With less than two percent of Canadians living on farms, there is a huge disconnect between food producers and consumers. Surveys show consumers want to learn more. In order to give them credible information, farmers and others in the ag industry need to speak up. Advice and workshops on advocating for agriculture, or ‘agvocating’, has been presented at many farm shows/conferences over the last year.

kevin-folta

CAST photo

Dr. Kevin Folta  is a professor, Chair of the Horticultural Sciences Department at the University of Florida and winner of the 2016 Borlaug CAST Communication Award. “Recipients of CAST’s annual award are science/ag experts who demonstrate an ability to communicate through written material, public presentations, and various forms of media.” Folta does it all, and  does it exceptionally well. He speaks across North America and has a strong on-line presence. He offers this advice when discussing agricultural biotechnology with a concerned public.

 

DO:

  • Start with shared values and common concerns. “Like you, I want my kids to eat healthy food.”  “My family lives on the farm. I care about the farm environment. Here’s what I do…”
  •  Have honest conversations about what you know; speak to your strengths.  If you don’t believe it, don’t say it.
  • Disengage when attacks become personal, it is unproductive to continue.
  • Talk about ethics, your experience and your priorities. Remember you cannot fight fear with facts.
  • Sign up for social media accounts – Twitter, Instagram, Facebook. Follow other agvocates. Even if you don’t create content, you can have a tremendous impact by amplifying others’ messages. ie. share good work, making it more visible.  Signing up also ensures that you have control of your own name.

Don’t:

  •  Use the “feed the world” rhetoric.
  •  Dodge discussions on the limitations of genetic engineering/modification (GM). See Folta’s slide deck for more.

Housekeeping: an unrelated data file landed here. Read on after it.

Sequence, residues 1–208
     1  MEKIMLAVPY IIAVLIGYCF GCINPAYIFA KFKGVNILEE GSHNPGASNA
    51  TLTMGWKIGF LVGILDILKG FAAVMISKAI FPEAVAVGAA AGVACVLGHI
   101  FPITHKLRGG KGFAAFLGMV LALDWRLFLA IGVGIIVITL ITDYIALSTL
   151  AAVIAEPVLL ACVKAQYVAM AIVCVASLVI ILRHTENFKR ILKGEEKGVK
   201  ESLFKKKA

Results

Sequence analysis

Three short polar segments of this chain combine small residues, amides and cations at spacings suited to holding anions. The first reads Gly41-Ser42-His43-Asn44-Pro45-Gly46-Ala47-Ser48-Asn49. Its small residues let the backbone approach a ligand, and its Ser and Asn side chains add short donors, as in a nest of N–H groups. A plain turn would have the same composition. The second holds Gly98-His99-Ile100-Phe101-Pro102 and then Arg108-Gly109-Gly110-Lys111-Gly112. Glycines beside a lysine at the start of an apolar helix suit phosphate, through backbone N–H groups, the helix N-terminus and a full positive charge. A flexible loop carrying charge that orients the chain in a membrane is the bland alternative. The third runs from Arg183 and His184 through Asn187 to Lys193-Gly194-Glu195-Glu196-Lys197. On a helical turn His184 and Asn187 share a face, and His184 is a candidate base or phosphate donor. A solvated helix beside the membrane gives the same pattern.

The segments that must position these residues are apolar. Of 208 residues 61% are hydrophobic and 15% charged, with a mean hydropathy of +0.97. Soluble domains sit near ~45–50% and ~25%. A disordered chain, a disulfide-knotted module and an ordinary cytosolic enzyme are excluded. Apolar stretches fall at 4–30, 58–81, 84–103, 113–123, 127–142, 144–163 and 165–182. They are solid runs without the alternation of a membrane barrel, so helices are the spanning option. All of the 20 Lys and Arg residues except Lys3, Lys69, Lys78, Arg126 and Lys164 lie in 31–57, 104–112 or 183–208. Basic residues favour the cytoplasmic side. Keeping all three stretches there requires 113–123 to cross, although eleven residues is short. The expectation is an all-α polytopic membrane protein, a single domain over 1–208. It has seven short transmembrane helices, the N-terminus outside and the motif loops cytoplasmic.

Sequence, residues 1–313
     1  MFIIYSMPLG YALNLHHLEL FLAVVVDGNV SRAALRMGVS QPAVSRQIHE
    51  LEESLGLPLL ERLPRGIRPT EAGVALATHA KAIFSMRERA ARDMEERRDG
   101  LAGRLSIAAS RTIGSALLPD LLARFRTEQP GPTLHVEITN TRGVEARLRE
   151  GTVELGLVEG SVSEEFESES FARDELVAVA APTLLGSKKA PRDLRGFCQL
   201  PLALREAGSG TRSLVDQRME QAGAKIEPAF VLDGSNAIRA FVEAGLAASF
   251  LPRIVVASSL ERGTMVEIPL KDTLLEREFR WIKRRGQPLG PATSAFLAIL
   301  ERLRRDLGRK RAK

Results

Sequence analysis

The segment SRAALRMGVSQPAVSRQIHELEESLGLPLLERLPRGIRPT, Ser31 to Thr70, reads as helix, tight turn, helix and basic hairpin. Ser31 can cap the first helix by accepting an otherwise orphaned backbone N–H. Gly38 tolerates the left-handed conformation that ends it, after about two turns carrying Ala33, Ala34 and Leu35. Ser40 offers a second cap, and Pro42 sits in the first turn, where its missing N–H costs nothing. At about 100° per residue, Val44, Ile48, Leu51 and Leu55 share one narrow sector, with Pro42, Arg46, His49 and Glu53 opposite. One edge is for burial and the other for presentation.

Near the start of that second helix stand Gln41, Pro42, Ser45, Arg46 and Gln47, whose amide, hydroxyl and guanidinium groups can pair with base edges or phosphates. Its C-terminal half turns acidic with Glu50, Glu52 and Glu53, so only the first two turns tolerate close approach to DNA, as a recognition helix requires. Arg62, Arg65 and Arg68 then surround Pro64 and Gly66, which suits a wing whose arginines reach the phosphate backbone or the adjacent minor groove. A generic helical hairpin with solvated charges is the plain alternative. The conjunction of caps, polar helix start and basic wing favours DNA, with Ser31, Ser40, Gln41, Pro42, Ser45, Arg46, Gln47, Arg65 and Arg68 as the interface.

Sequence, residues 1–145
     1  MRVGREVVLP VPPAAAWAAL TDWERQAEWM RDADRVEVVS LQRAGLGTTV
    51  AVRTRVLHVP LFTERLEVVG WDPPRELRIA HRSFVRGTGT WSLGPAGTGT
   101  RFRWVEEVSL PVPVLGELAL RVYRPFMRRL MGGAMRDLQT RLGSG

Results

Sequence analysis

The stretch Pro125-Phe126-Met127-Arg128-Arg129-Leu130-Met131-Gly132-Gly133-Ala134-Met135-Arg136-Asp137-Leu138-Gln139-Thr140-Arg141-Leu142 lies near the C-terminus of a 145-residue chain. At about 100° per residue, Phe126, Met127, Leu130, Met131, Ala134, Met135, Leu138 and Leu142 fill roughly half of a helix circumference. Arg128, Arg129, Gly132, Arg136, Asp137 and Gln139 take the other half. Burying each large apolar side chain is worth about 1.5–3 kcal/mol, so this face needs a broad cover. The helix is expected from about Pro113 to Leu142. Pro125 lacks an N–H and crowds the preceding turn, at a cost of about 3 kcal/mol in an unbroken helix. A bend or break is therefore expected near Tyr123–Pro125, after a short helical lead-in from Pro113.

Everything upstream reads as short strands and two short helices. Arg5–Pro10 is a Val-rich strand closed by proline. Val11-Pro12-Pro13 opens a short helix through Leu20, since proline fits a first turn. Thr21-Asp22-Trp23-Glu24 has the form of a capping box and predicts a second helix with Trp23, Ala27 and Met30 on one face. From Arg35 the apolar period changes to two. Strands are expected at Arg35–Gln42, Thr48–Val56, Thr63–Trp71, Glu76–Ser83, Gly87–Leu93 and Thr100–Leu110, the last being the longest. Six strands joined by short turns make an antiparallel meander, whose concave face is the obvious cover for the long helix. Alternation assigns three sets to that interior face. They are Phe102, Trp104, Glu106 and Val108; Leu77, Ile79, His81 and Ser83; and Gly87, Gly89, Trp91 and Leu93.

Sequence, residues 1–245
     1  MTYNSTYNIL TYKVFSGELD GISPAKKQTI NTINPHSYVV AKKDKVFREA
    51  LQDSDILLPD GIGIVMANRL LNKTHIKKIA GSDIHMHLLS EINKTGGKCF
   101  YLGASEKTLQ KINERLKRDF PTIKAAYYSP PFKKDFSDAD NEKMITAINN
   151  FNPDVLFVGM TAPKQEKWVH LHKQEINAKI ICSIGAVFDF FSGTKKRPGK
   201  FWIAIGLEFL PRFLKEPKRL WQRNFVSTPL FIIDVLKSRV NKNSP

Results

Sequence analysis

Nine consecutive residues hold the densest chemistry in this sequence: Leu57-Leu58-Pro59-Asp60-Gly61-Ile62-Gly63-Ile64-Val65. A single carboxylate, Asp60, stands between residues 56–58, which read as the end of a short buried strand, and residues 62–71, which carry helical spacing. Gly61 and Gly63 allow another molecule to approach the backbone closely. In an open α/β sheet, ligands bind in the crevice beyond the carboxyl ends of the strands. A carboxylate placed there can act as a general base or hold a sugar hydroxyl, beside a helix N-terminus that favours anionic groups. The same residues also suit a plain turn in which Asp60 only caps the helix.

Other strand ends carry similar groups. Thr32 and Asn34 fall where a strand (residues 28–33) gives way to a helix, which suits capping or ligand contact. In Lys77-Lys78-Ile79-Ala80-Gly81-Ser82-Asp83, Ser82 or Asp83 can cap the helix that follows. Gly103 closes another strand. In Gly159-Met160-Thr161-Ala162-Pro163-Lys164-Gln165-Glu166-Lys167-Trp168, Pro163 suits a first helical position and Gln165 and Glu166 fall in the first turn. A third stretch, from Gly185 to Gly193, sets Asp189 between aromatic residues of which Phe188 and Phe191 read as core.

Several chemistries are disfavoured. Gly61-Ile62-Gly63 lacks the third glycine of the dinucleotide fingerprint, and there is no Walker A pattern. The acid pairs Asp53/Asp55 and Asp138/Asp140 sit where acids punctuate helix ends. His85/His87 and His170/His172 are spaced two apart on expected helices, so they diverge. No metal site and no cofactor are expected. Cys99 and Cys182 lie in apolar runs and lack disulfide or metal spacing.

• Ever claim GM is a single solution. It is not.
  • Discount other production methods or tools. All tools are needed going forward.
  • Discredit other forms of genetic improvement  such as mutagenesis.

Take-A-Way:

We have the safest, most diverse and abundant food supply in history. We also have immediate access to information — good and bad. If we engage incorrectly, we make the  broken lines of communication between consumers, scientists and farmers  worse.

To change the hearts and minds of a concerned public, we need to get involved in the conversation — in person, on-line or both. According to studies farmers are both warm and competent, so sharing our stories is critical to ensure and maintain access to ag innovation for everyone.

p1160076So begin with telling your story, your way. Don’t get bogged down in the science and terminology. Explain how precision plant breeding benefits your farm, the environment and food production.

Read, watch videos, listen to podcasts, learn from others, share their stories and practice telling yours. Remember if you don’t have the answer to someone’s question, it is okay to say, “I’ll look into that and get back to you.” Add your voice to the conversation — everyone’s is needed. If we don’t tell our stories, who will?


Kevin Folta resources:

Other Ag resources: